Revise the written warning about the cave area hazards to make explicit the potential hazards to the manatees.


iii.        Cross-training


Expand opportunities for cross-training animal care and facilities/maintenance  staff so that each has a basic understanding and sensitivity to overlapping areas of concern potentially impacting the animals and their welfare, as well as staff, intern, volunteer, and visitor safety.  This should be done in a manner that fosters enhanced interdepartmental cooperation.  Cross-training could also include all Museum staff and leadership to heighten sensitivity to the importance of animal- related responsibilities, associated operations and of reporting anything that seems different or unusual to the appropriate staff for further review and action as warranted (e.g., animal or visitor behavior and facility conditions, such as water clarity, odors, foreign objects in the pool).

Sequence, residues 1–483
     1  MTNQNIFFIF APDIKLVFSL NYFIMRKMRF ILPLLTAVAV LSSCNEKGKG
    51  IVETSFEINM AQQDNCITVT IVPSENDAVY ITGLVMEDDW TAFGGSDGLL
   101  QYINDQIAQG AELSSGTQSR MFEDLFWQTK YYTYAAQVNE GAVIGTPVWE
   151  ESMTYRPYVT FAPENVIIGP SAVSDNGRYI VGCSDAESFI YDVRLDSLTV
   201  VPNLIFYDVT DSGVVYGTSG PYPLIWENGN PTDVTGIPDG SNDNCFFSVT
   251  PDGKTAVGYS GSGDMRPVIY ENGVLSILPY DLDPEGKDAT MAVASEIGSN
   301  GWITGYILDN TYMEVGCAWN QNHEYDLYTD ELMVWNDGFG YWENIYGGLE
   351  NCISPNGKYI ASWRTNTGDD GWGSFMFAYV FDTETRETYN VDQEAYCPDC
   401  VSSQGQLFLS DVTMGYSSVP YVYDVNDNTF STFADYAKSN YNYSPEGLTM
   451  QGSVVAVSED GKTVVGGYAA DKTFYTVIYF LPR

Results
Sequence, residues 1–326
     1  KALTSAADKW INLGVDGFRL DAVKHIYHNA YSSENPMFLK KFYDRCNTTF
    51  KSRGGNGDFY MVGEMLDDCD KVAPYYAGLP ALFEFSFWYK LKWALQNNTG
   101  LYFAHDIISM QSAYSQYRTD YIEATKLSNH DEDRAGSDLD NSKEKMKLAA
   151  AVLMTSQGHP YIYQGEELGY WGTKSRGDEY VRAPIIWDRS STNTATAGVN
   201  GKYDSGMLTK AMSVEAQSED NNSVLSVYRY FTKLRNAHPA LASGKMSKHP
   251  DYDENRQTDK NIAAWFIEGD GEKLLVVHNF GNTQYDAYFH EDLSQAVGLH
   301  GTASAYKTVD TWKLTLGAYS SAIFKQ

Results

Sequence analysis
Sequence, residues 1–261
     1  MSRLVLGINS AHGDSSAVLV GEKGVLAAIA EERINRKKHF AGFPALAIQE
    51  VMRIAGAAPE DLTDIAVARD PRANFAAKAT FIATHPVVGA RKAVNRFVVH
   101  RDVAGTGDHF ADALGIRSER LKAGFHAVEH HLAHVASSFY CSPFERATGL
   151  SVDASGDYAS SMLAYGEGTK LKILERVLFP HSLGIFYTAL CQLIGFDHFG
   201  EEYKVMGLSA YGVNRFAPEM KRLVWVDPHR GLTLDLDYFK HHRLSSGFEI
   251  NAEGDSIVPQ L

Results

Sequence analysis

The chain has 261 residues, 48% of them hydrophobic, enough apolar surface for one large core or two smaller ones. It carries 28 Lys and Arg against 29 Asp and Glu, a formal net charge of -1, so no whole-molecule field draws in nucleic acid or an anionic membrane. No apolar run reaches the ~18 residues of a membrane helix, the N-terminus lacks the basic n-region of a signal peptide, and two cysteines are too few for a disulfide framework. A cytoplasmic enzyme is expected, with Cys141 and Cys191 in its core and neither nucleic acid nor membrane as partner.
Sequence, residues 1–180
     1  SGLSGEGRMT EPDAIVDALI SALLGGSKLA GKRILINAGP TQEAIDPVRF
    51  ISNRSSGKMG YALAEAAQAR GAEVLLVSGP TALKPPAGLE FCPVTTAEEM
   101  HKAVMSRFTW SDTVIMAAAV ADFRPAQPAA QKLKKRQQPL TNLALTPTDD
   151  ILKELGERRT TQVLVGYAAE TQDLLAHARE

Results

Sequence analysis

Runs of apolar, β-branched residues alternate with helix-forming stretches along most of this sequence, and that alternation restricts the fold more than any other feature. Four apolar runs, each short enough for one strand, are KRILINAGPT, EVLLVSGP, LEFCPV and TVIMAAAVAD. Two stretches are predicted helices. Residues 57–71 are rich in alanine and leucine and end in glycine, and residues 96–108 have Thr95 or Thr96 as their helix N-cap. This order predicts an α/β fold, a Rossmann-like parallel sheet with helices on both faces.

iv.        Utilizing recently published resources


Tampa’s Lowry Park Zoo recently distributed its Husbandry Guidelines for the Florida Manatee (the “Guidelines”) document dated November 2015 to MRP participants.  The Guidelines expressly note that the “manual is based solely on Tampa’s Lowry Park Zoo (TLPZ) principles and practices regarding manatee husbandry and rehabilitation.”  Manatee care/aquarium staff, education and perhaps facilities and administrative staff should review relevant portions of these Guidelines (unless and until the Museum develops its own version).  Some particularly helpful chapters include Facility and Life Support, Manatee Behavior and Rehabilitation, Recovery, Release Preparation, Equipment and Methods Used for Moving Manatees, Manatee Restraint

and Handling and Manatee Transport.  Manatee care/aquarium staff could also read and review a